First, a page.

An Indiana husband and wife, both feeling ill, went to separate hospitals to be examined, and several potential diagnoses were suggested. A few days later, on July 11, 2008, both patients were evaluated at the same hospital. There, physicians were able to make a preliminary diagnosis of botulism based on the couple’s shared symptoms, which included cranial nerve palsy and descending flaccid paralysis. Both patients required mechanical ventilation. During a search of the couple’s refrigerator, local health officials found an unlabeled bag of leftover chili sauce that, when analyzed, contained botulin, the bacterial toxin that causes botulism. Botulin is produced by Clostridium botulinum, an endospore-forming bacterium. Because botulism is a reportable disease, the facts of the case were forwarded to the Indiana State Department of Health and the Centers for Disease Control and Prevention (CDC).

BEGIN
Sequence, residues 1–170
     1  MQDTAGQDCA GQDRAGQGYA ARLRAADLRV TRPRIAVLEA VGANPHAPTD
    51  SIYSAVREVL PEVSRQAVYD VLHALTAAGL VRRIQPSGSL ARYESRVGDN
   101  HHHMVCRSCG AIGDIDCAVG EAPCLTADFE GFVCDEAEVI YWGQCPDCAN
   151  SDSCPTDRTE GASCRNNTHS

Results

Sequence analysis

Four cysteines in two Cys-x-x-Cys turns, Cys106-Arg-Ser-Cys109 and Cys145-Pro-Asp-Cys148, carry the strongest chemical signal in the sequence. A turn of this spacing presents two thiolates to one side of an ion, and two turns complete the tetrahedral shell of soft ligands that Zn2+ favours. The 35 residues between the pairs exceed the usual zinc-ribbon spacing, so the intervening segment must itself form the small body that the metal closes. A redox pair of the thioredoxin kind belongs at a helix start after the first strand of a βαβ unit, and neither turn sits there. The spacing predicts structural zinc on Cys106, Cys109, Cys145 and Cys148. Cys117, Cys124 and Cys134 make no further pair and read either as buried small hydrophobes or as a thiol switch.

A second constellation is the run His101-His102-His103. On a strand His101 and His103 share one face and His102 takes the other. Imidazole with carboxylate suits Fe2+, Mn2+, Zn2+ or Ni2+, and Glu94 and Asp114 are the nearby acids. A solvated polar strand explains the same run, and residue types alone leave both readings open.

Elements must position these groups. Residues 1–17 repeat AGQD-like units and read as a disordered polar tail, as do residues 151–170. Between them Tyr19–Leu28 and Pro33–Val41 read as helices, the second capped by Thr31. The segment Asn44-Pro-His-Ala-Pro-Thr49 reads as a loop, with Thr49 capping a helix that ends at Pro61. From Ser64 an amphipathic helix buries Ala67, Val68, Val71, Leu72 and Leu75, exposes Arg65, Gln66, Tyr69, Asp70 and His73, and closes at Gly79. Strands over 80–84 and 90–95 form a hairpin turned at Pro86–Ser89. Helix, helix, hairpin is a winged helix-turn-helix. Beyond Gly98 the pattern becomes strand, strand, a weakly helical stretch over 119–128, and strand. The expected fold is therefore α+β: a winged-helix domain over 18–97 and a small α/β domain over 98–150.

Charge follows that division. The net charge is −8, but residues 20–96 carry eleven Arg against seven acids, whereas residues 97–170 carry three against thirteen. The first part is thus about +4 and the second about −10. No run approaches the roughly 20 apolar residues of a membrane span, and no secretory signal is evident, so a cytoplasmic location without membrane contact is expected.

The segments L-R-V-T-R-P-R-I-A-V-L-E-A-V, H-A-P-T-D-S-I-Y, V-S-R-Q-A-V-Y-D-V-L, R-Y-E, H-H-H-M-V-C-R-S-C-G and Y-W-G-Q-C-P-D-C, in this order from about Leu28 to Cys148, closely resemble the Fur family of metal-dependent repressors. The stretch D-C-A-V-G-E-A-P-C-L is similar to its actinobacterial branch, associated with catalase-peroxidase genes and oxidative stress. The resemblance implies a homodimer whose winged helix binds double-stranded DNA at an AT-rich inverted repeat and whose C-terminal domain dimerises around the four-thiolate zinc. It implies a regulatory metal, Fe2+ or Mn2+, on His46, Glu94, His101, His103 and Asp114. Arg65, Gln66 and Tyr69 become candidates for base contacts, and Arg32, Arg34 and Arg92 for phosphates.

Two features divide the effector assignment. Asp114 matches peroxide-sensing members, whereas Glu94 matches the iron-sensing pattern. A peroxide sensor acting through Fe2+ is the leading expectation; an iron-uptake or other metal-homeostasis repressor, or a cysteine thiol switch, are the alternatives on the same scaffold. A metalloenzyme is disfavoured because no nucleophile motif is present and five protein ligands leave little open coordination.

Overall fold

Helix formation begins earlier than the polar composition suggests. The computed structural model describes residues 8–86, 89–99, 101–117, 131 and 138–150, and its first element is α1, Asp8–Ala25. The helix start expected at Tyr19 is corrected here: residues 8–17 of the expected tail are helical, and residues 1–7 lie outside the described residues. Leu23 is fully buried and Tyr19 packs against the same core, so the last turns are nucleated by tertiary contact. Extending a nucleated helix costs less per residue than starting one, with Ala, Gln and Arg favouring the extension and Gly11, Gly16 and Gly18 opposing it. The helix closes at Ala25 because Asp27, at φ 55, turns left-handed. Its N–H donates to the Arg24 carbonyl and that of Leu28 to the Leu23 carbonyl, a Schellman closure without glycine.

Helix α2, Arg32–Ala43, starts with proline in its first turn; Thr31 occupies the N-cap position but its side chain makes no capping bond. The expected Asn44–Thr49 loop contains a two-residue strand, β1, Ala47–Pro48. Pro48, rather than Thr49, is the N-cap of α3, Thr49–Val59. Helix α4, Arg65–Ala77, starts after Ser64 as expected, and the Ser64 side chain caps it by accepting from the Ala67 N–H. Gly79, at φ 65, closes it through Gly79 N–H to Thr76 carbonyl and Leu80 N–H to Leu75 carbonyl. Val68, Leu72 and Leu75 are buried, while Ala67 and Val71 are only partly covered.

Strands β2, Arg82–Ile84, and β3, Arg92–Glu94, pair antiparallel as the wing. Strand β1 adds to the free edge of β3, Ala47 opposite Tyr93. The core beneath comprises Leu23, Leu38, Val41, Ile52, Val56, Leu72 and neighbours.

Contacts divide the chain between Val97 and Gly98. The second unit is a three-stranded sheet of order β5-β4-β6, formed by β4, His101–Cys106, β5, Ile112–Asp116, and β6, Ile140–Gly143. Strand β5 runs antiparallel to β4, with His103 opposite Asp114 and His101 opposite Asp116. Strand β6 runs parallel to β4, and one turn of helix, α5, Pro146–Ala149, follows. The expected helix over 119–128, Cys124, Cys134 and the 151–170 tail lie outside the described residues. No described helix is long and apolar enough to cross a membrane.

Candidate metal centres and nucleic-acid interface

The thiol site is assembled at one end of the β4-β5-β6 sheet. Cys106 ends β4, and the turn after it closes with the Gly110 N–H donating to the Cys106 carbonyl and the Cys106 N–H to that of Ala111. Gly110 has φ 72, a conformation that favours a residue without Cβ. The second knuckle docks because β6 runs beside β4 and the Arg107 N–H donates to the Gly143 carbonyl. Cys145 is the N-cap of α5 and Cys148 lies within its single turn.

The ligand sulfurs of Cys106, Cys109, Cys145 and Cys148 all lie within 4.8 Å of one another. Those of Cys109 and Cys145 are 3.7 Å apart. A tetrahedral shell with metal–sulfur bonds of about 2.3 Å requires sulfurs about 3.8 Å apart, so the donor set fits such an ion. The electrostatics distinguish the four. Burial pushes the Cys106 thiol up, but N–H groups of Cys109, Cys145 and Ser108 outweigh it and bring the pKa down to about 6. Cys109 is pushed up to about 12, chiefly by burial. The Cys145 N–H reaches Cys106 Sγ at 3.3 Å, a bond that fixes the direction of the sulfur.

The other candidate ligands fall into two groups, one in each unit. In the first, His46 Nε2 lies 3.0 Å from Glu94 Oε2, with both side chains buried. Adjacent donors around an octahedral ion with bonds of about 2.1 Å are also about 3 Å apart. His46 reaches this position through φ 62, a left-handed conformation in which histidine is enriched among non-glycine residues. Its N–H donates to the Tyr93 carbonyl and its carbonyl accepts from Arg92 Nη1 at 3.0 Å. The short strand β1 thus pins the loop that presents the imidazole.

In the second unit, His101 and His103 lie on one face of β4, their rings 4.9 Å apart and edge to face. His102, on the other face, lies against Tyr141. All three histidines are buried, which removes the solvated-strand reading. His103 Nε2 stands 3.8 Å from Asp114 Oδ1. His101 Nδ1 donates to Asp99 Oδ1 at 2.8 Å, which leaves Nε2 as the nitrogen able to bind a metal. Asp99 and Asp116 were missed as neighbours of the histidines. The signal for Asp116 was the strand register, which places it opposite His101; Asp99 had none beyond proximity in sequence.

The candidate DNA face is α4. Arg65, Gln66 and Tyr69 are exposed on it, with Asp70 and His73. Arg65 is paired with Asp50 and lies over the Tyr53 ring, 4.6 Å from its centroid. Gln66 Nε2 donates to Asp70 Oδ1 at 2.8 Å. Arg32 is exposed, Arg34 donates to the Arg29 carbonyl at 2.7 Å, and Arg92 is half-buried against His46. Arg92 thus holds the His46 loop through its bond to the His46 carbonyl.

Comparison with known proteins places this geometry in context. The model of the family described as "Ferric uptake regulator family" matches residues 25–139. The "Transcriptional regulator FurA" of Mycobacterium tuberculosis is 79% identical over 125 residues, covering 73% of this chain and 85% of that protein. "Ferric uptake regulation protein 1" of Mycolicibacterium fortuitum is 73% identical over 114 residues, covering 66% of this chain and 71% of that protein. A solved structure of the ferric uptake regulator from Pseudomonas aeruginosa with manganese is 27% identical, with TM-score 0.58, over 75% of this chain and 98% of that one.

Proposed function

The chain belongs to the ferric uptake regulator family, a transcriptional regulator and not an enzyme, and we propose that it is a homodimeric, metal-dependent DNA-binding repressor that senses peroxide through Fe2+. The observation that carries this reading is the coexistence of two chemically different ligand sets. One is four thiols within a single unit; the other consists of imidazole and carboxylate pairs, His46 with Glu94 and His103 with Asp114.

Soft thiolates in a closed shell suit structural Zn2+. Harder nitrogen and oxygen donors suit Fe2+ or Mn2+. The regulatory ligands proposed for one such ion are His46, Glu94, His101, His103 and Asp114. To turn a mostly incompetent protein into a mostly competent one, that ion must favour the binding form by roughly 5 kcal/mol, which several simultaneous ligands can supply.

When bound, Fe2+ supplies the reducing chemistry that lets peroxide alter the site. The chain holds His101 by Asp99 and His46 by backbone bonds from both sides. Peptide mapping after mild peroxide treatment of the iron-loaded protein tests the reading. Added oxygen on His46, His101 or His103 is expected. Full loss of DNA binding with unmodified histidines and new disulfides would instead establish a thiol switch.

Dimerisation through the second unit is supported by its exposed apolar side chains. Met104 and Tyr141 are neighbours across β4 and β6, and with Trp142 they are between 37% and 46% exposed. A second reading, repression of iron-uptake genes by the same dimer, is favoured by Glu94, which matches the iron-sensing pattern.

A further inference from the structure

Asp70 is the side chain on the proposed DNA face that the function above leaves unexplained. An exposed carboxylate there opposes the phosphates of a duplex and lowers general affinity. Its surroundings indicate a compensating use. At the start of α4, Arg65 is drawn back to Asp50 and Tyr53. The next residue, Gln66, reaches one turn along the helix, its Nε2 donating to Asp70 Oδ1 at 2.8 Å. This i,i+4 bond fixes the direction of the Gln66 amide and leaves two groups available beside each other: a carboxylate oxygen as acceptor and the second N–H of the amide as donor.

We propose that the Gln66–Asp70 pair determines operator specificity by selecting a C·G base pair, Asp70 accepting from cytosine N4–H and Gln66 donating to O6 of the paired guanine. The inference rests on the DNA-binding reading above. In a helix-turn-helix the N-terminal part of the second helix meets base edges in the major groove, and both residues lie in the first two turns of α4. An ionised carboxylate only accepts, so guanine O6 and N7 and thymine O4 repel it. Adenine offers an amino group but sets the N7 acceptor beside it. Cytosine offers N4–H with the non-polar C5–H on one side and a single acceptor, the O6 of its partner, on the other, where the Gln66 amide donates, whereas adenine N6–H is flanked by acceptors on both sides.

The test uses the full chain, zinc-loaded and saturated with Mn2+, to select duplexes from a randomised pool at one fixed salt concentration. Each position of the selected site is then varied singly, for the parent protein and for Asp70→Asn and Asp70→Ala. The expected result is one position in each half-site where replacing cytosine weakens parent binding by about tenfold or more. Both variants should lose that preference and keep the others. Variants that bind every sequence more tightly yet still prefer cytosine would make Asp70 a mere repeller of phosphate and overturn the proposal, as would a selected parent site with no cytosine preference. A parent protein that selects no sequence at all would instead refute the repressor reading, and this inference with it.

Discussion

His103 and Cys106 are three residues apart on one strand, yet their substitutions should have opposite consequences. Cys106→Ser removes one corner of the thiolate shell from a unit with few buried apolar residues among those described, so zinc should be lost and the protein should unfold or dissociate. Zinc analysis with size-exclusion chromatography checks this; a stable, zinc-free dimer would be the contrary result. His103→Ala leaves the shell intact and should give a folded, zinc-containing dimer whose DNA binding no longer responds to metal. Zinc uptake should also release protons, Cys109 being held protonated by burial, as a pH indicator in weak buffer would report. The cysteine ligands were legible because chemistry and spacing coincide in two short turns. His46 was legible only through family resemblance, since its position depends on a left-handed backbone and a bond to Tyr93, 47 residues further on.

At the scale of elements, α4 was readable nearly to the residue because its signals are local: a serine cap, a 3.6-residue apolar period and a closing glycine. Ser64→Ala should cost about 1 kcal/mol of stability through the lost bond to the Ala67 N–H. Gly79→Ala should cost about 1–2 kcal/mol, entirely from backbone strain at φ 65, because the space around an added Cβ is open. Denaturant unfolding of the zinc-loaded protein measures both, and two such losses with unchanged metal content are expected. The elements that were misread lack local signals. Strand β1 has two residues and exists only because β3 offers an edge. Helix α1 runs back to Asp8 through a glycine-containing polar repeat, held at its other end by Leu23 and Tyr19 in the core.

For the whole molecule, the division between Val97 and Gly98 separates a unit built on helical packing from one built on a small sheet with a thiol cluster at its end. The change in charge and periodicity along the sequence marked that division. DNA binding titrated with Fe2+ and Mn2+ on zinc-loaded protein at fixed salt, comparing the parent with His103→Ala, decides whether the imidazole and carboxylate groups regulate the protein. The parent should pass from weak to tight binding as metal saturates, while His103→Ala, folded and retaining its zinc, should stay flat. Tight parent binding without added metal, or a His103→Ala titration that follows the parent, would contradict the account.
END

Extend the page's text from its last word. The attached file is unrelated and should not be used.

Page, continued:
Four days earlier, the CDC had received a similar report from Texas, where two siblings had been diagnosed with botulism, again only after being examined at the same hospital. Both children had eaten Castleberry’s Hot Dog Chili Sauce for lunch on June 28. Although the can from this meal had been discarded, another can, bought at the same time, was found in the home.
Based on these two cases, the CDC suspected a common source epidemic.
– What conditions encourage the germination of Clostridium botulinum endospores?
– What is a common source epidemic?
Ref.: Cowan, M. K. (2014) (4th Ed.). Microbiology: A Systems Approach, McGraw Hill